A rare, potentially deadly mosquito-transmitted illness called Eastern equine encephalitis has been reported in at least three states.
In an interview with ABC News, Dr. Todd Ellerin, director of Infectious Diseases and vice chair Department of Medicine at South Shore Health in Massachusetts, explained that EEE "is the most deadly of all the mosquito-born viral brain infections, aka encephalitides." However, EEE remains very rare and most people who get it never develop symptoms.
Here’s what else you need to know about Eastern equine encephalitis:
The Eastern equine encephalitis virus is transmitted by mosquitoes, and can affect humans, horses and birds, according to the Centers for Disease Control. The virus and its associated illnesses have been tracked for the past 40 years. Serious cases of EEE that send patients to the doctor typically occur in states with warm, marshy conditions, including the Atlantic seaboard and Gulf Coast states.
Infection with the EEE virus can lead to two different types of symptoms. More commonly, infection with the EEE virus will cause a flu-like illness, including chills, fatigue and joint and muscle pains. These symptoms can last one to two weeks, with expected complete recovery without neurologic involvement. Approximately 5% of those infected with the EEE virus will go on to develop a serious group of symptoms called Eastern equine encephalitis. Encephalitis means inflammation of the brain, and can present with fever, headache, drowsiness, vomiting and coma. Of the 5% who develop serious symptoms, "one-third of people die from this and a substantial number of the survivors have permanent neurologic damage," according to Ellerin.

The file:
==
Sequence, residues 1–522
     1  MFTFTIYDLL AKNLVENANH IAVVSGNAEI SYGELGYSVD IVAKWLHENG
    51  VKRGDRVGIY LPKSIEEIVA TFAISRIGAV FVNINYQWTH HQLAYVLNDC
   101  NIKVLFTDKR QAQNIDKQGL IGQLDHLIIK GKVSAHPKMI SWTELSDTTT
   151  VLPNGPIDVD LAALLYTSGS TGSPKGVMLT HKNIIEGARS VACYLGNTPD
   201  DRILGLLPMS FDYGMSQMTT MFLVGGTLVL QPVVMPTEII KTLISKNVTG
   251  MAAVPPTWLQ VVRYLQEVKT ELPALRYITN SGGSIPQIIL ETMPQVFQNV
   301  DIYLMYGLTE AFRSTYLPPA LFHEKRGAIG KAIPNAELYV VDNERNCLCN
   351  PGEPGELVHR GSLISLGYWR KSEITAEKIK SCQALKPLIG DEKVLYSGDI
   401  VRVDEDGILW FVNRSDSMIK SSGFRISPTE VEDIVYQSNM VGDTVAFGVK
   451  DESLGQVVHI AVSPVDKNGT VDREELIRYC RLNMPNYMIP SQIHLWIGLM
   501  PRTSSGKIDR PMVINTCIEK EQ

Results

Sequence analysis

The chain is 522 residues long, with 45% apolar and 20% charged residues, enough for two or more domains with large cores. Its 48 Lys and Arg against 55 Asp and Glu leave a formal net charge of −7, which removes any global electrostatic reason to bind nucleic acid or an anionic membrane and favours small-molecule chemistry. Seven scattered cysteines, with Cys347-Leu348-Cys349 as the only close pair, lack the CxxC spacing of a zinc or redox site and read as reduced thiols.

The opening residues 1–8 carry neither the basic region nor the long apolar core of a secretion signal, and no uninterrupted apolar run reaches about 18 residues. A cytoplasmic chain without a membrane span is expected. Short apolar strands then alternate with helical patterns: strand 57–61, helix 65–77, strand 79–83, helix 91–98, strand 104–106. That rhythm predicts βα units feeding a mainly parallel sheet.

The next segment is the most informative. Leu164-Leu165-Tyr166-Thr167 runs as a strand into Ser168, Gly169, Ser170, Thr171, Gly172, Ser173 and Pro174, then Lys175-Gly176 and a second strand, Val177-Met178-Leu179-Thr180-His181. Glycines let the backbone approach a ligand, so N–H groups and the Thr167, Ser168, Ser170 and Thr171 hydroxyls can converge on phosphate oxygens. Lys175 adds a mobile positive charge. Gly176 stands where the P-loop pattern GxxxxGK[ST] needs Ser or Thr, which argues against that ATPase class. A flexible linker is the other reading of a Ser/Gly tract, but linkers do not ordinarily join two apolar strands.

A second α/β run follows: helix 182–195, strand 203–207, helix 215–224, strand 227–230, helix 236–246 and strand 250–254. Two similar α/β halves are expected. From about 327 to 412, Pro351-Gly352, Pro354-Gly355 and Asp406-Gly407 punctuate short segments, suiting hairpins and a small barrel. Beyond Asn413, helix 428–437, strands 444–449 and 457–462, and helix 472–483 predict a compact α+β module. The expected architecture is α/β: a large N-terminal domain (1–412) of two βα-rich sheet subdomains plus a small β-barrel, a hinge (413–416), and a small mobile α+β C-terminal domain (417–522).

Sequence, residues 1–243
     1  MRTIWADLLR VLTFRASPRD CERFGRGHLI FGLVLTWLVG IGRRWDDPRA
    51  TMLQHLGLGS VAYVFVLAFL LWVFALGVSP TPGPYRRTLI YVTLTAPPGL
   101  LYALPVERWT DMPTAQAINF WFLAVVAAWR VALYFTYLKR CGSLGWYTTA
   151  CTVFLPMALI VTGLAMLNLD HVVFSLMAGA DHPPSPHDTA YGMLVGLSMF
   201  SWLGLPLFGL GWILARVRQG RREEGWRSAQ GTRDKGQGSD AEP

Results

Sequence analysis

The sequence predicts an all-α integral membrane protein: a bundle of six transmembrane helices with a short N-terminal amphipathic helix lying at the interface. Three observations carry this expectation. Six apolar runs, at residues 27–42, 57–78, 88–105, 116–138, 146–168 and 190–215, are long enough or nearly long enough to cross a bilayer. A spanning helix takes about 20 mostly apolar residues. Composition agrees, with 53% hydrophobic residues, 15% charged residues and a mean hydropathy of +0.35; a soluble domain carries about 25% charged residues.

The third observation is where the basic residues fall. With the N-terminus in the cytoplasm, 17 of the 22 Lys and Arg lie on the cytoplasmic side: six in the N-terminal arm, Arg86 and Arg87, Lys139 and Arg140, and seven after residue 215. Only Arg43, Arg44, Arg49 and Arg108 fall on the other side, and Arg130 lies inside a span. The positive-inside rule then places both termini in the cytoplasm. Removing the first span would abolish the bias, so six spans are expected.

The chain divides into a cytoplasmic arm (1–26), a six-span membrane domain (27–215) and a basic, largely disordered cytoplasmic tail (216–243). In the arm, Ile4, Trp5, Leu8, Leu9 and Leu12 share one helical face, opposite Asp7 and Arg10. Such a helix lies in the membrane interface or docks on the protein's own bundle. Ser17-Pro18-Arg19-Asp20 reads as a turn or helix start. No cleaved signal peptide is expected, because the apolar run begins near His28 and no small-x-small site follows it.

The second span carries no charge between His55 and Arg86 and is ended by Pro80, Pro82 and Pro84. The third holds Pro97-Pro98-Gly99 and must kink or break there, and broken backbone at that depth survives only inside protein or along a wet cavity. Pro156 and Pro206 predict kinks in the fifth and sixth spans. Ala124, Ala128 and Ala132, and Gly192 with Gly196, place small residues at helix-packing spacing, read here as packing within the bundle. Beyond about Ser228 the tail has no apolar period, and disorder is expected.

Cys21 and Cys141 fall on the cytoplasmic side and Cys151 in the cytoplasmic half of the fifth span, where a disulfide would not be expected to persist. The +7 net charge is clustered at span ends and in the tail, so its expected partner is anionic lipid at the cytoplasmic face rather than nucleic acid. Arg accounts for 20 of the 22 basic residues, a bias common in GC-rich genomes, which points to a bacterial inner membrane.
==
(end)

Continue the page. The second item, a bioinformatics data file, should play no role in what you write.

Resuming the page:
Infections can occur year round, but peak incidence is typically August to September. In the last five years, five to eight cases of serious EEE have been reported per year. So far this year, there have been four confirmed cases in Massachusetts and three suspected cases in Michigan. Previous outbreak years include 2004 to 2006 and 2010 to 2012. More than 25 people developed encephalitis from 2010 to 2012.
"There is no cure for [EEE] so treatment is supportive [meaning monitoring and adjusting care]," says Ellerin. "The extremes of age tend to have the worst prognosis. Aggressive [intensive care unit] support can improve outcomes."
There is no human vaccine for the EEE virus, but there is a vaccine for horses. Testing for the virus typically requires obtaining blood and fluid from around the spinal cord. There is no known curative anti-viral medication for this virus.
Currently, there is increased publicity from state public health departments about EEE to make sure people protect themselves. In high-risk communities with marshy environments, states have initiated aerial mosquito spraying with insecticides. This spraying will reduce but not eliminate risks of transmitting the EEE virus. In response to the recent cases in Massachusetts, the state has initiated spraying Anvil, a pesticide that has no known health risks, according to the Massachusetts Department of Public Health.
"The most important measures are avoiding mosquito bites through mosquito repellents like Deet or oil of lemon eucalyptus, wearing long sleeve clothing and following local surveillance to know if [EEE] infected mosquitoes are close by," Ellerin says.
Notably, insect repellents should not be used on infants under 2 months. OLE and PMD cannot be applied to children under 3 years.
Dr. Sejal Parekh is a pediatrician from San Diego, working with the ABC News Medical Unit.